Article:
How do you access the vaccine?
Very easily and in more and more points of presence every day. The quickest way and simplest way is to head to health.gov.au and look for their Vaccine Eligibility Checker and Clinic Finder. The Eligibility Checker lets you check whether you're eligible, it's a bit obvious based on the name, and it will be updated on Tuesday with the new groups that become eligible that we talked about just before and then you will be able to enter your postcode and look for the many different available vaccine clinics that you can find either primary-care clinics, GPs, Commonwealth vaccination clinics or regional health services, or state and territory vaccination centres, that's the quickest and fastest way. You can also access it through the Healthdirect National Coronavirus Information and Helpline on 1800 020 080 if you don't want to, or are unable to, access the internet, you can call and they can direct you to their clinic closest to you that has available appointments. So reminder there's over 4300 general practitioners across the entire country, with general practices offering the vaccine right now to their patients in the broader community and there are hundreds of state and territory clinics that also offer the vaccine, so there's plenty of choice, plenty of options on where you could go and get your vaccine and all services are available on health.gov.au.
Why is it important for everyone to get vaccinated?
So we're incredibly lucky in the world, but in Australia that we have two vaccines that are incredibly effective at protecting yourself from severe disease, from getting really sick from Covid, from being hospitalized from Covid or even from dying from Covid, so that's the main reason why people should get a vaccine. The vaccines will protect you from the disease. As we've discussed in previous segments, there's more and more growing evidence that the vaccine also has an impact in reducing the chance of transmitting Covid to others. It doesn't completely eliminate the chance of getting the infection, but it makes the infection milder and not as much of a concern as if you weren't vaccinated, and it reduces your chances of passing it to others, as becoming more and more apparent. So vaccines are going to be a really really important part of getting us out of this pandemic state. They're another tool next to the public health restrictions, physical distancing, hand hygiene, etc. that you've been practicing over the last year and a bit, but they're the one that can actually help us bring back the confidence and the protection that we need to be able to move forward, open up and go back to some sense of normalcy after the very difficult year and a bit that we've been experiencing, so please go on health.gov.au, check your eligibility and the Vaccine Clinic Finder to find an appointment near you and when a vaccine is offered to you, we strongly encourage you to consider taking it. Thank you very much for watching. Thank you Julie for your interpreting.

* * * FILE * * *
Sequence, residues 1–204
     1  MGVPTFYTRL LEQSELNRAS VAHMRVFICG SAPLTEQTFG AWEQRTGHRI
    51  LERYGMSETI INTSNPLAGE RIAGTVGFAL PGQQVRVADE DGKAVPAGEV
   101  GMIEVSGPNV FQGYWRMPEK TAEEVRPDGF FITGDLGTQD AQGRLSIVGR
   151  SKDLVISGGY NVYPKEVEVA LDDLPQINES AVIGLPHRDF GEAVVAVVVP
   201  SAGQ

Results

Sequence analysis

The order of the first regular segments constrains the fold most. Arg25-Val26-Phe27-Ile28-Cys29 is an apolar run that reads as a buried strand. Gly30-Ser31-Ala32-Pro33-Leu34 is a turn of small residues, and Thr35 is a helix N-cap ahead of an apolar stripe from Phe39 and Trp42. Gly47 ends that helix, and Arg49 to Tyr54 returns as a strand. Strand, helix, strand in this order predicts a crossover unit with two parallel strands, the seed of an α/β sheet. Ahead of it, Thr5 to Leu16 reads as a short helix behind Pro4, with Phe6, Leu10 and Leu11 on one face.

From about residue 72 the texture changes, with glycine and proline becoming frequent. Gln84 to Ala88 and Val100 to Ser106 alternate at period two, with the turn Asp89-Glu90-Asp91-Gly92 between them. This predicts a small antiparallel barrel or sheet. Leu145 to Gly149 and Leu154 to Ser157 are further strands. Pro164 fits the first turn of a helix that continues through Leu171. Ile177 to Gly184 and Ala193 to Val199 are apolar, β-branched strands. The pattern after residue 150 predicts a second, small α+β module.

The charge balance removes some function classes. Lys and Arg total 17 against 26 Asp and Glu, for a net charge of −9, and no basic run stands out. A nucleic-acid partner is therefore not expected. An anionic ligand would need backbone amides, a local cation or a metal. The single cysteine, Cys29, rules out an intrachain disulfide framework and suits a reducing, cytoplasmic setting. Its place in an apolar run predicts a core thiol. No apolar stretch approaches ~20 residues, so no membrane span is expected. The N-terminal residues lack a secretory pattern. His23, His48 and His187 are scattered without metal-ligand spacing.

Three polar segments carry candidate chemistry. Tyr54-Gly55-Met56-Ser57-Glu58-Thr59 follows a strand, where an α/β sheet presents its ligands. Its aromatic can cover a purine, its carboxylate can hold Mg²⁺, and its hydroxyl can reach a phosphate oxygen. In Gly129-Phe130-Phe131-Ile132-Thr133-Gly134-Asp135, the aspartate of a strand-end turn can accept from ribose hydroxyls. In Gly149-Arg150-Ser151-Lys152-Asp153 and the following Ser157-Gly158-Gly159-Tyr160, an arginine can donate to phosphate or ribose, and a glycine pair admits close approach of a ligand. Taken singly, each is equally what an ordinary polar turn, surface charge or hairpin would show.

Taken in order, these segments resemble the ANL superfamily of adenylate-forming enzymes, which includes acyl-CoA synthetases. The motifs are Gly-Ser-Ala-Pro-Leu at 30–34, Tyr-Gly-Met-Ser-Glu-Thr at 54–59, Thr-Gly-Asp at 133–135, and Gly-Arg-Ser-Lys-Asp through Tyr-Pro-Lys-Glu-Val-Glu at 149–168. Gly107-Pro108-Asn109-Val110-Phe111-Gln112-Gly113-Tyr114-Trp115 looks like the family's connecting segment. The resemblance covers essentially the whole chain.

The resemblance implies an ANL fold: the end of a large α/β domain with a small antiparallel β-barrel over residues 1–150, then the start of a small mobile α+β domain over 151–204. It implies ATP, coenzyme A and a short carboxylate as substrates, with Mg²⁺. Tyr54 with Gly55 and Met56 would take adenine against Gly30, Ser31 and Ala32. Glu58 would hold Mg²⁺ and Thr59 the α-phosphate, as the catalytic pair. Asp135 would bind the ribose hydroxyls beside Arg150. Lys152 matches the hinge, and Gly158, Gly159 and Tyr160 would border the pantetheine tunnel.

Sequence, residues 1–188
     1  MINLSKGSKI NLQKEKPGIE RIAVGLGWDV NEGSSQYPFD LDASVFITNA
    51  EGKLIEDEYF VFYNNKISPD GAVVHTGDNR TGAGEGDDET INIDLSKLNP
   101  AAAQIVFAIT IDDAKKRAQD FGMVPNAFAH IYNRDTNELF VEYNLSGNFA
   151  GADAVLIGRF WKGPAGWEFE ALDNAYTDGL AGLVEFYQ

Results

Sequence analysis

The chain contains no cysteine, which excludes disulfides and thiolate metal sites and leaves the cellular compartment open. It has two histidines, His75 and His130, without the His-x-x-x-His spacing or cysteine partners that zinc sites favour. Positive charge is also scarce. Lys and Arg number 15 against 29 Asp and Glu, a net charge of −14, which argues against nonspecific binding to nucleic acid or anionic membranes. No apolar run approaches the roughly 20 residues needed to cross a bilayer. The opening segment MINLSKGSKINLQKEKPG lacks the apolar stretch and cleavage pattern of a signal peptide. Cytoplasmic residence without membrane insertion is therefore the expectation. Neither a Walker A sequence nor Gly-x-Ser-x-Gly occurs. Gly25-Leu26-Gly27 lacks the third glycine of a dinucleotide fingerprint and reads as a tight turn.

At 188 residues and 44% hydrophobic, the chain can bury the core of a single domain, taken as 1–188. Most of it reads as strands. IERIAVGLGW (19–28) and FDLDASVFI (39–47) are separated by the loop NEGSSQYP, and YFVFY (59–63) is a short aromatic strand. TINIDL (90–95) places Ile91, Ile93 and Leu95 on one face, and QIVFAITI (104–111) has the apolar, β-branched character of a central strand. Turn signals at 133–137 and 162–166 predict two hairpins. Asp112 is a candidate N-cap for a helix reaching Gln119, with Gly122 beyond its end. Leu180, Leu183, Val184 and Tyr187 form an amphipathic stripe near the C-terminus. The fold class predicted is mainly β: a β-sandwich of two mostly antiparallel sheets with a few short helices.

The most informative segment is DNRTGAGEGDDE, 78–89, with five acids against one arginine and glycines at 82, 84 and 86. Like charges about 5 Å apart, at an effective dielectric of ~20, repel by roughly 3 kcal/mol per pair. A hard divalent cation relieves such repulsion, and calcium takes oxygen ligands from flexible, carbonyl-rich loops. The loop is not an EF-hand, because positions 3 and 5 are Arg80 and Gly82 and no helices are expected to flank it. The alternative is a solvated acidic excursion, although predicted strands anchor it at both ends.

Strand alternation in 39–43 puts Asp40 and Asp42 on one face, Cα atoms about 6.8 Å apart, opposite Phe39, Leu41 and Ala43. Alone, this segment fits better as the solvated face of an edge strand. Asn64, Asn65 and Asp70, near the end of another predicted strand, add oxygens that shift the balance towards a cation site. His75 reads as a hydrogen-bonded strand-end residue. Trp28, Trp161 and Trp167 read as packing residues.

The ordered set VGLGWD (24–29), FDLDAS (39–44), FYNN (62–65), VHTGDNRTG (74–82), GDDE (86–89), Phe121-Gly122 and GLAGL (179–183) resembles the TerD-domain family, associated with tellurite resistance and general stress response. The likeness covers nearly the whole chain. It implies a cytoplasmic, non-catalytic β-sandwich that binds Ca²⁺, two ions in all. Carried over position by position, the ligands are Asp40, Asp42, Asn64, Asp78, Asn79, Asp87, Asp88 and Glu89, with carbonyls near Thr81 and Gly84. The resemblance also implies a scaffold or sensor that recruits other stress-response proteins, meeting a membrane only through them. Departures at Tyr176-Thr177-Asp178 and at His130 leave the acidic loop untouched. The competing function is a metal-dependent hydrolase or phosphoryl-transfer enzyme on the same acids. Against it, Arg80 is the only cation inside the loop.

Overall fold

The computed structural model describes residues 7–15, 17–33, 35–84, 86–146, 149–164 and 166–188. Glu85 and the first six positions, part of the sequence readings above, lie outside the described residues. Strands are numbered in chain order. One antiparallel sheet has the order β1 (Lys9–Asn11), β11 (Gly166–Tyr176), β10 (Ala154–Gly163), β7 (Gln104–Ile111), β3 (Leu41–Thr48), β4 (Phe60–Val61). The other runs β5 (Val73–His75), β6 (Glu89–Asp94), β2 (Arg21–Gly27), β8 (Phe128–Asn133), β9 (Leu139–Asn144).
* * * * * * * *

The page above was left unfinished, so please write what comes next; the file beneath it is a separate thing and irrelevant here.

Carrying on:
- What are the changes to the vaccine eligibility?
- How do you access the vaccine?
- Why is it important for everyone to get vaccinated?